A Changed Man and Other Tales
Thomas Hardy

Part 1 out of 6



Prefatory Note
A Changed Man
The Waiting Supper
Alicia's Diary
The Grave by the Handpost
Enter a Dragoon
A Tryst at an Ancient Earthwork
What the Shepherd Saw
A Committee Man of 'The Terror'
Master John Horseleigh, Knight
The Duke's Reappearance
A Mere Interlude


I reprint in this volume, for what they may be worth, a dozen minor
novels that have been published in the periodical press at various
dates in the past, in order to render them accessible to readers who
desire to have them in the complete series issued by my publishers.
For aid in reclaiming some of the narratives I express my thanks to
the proprietors and editors of the newspapers and magazines in whose
pages they first appeared.

T. H.
August 1913.



The person who, next to the actors themselves, chanced to know most
of their story, lived just below 'Top o' Town' (as the spot was
called) in an old substantially-built house, distinguished among its
neighbours by having an oriel window on the first floor, whence could
be obtained a raking view of the High Street, west and east, the
former including Laura's dwelling, the end of the Town Avenue hard by
(in which were played the odd pranks hereafter to be mentioned), the
Port-Bredy road rising westwards, and the turning that led to the
cavalry barracks where the Captain was quartered. Looking eastward
down the town from the same favoured gazebo, the long perspective of
houses declined and dwindled till they merged in the highway across
the moor. The white riband of road disappeared over Grey's Bridge a
quarter of a mile off, to plunge into innumerable rustic windings,
shy shades, and solitary undulations up hill and down dale for one
hundred and twenty miles till it exhibited itself at Hyde Park Corner
as a smooth bland surface in touch with a busy and fashionable world.

To the barracks aforesaid had recently arrived the --th Hussars, a
regiment new to the locality. Almost before any acquaintance with
its members had been made by the townspeople, a report spread that
they were a 'crack' body of men, and had brought a splendid band.
For some reason or other the town had not been used as the
headquarters of cavalry for many years, the various troops stationed
there having consisted of casual detachments only; so that it was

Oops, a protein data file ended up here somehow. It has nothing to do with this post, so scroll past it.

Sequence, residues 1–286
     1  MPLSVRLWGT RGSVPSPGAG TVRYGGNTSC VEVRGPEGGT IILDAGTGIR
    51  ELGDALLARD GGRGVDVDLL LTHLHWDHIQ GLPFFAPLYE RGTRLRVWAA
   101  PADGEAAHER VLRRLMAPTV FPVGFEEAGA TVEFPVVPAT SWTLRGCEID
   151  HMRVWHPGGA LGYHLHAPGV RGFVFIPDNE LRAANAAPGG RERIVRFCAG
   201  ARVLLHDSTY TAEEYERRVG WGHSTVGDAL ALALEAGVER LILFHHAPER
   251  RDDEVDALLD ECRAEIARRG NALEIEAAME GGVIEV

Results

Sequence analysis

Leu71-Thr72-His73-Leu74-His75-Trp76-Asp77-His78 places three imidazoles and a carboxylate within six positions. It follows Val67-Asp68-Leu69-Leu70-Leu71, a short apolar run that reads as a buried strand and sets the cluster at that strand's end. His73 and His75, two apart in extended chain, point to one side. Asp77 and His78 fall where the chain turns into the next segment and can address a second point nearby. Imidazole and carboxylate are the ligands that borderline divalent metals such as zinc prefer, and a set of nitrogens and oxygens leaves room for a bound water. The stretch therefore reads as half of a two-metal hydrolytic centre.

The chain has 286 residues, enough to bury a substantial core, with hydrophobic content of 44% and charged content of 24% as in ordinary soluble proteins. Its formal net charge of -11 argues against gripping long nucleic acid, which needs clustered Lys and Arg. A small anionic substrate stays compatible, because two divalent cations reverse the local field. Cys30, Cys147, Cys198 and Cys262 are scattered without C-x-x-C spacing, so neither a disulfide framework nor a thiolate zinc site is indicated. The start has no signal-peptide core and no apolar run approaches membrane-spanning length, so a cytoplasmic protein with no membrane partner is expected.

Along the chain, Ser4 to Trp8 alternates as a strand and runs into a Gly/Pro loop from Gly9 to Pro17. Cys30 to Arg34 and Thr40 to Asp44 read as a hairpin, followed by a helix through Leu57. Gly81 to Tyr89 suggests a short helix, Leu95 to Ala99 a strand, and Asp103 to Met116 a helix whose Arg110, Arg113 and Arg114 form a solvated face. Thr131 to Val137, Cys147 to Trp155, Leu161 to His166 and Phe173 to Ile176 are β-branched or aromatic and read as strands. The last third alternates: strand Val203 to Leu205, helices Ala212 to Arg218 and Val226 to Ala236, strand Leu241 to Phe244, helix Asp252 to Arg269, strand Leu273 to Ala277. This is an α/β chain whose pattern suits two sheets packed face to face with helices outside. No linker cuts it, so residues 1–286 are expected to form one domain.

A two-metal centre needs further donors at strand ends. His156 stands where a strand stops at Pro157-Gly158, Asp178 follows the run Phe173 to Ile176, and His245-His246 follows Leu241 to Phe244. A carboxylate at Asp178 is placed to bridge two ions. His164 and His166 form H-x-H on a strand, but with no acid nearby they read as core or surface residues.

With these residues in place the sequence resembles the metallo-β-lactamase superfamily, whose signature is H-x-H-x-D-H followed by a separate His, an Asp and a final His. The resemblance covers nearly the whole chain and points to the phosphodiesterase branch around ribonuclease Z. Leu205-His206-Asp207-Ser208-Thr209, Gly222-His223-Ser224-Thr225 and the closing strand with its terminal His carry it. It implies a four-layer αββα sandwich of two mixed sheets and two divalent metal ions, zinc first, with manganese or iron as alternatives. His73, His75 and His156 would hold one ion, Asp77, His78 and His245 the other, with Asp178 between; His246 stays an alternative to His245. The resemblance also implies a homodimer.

with a sense of honour that everybody--even the small furniture-
broker from whom the married troopers hired tables and chairs--
received the news of their crack quality.

In those days the Hussar regiments still wore over the left shoulder
that attractive attachment, or frilled half-coat, hanging loosely
behind like the wounded wing of a bird, which was called the pelisse,
though it was known among the troopers themselves as a 'sling-
jacket.' It added amazingly to their picturesqueness in women's
eyes, and, indeed, in the eyes of men also.

The burgher who lived in the house with the oriel window sat during a
great many hours of the day in that projection, for he was an
invalid, and time hung heavily on his hands unless he maintained a
constant interest in proceedings without. Not more than a week after
the arrival of the Hussars his ears were assailed by the shout of one
schoolboy to another in the street below.

'Have 'ee heard this about the Hussars? They are haunted! Yes--a
ghost troubles 'em; he has followed 'em about the world for years.'

A haunted regiment: that was a new idea for either invalid or
stalwart. The listener in the oriel came to the conclusion that
there were some lively characters among the --th Hussars.

He made Captain Maumbry's acquaintance in an informal manner at an
afternoon tea to which he went in a wheeled chair--one of the very
rare outings that the state of his health permitted. Maumbry showed
himself to be a handsome man of twenty-eight or thirty, with an
attractive hint of wickedness in his manner that was sure to make him